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ARC Review: The Divorce Colony

The Divorce Colony: How Women Revolutionized Marriage and Found Freedom on the American Frontier by April White April White’s The Divorce Colony is set during the Gilded Age, in the America of the late 1800s. It revolves around the lax divorce rules then to be found in South Dakota.  Today, getting divorced is almost easier than getting married. But in the Gilded Age, divorces were not so easy to obtain. Divorce was viewed as a moral concern for the state, and was denounced from the pulpit for threatening the sanctity of marriage. Even President Theodore Roosevelt spoke out against it.  Laws around divorce tended to be most lax on the frontiers of the United States. By the 1880s the territory of Dakota gained the dubious honor of posting the largest rise in divorces in the country. At the turn of the century one city - Sioux Falls, South Dakota - gained a reputation for having the laxest divorce laws of all, and required only a three month residency in order to take advantage of them

Review: Ghostways: Two Journeys in Unquiet Places



Ghostways: Two Journeys in Unquiet Places
by Robert Macfarlane

I loved this book. Ghostways is made up of two pieces, each evocative of a specific place, and both beautifully written. Both were previously available in the UK, and now newly available in the US.

The first piece "Ness", is a prose poem on a visit to Orford Ness, a spit of pebbled land adjacent to the Suffolk coast of England, used for many years as a military testing grounds.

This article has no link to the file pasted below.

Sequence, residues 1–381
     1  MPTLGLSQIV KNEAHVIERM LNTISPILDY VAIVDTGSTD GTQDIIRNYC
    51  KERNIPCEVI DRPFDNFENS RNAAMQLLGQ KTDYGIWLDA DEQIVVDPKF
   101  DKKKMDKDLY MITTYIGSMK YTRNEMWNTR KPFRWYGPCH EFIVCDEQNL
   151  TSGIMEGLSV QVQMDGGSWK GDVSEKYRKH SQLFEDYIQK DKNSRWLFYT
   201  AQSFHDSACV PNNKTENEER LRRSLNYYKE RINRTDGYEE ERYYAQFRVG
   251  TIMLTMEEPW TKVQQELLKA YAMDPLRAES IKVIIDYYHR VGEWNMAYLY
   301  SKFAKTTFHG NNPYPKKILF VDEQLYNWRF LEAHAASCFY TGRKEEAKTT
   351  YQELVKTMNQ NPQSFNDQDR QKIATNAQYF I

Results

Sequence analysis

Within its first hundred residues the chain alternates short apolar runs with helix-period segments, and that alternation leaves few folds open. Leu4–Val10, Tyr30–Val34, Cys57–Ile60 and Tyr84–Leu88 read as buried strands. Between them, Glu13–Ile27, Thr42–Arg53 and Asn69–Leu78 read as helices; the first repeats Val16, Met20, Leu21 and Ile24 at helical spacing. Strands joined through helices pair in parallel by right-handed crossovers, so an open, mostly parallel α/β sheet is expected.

The second, "Holloway" is a story about two visits to a path in Dorset (along England's south coast), a path (or "way"), well used for centuries and so sunk deep into the soft rock of the area to form what today is more like a tunnel, overgrown with bramble and almost hidden from view - a "holloway". On his first visit MacFarlane is accompanied by a friend who has died by the time of the second visit, and so the story can be seen as a journey into the memory of friendship.

The illustrations by Stanley Donwood fit the mood and the narrative of the first piece completely, and compliment the second.

MacFarlane has been called Britain's foremost living nature writer. In this short book, as in his book The Old Ways which I read last year, paths through nature bring understanding of both our humanness and of the natural world.

I rate this book 5 Stars ⭐⭐⭐⭐⭐ - this book is fantastic - I think anyone looking to reconnect with nature from a pandemic (or winter) seclusion will enjoy Ghostways.

Ghostways  links

Borrow it: Find out if your library has the ebook or audiobook available
Buy it New:  Buy this book new on AmazonBarnes & Noble or  Books-A-Million 
Buy it Used: Buy this book used on AbeBooksPowells or ThriftBooks 
Support Indie Bookstores:  Buy this book directly from Bookshop.org or find an Independent Bookstore near you.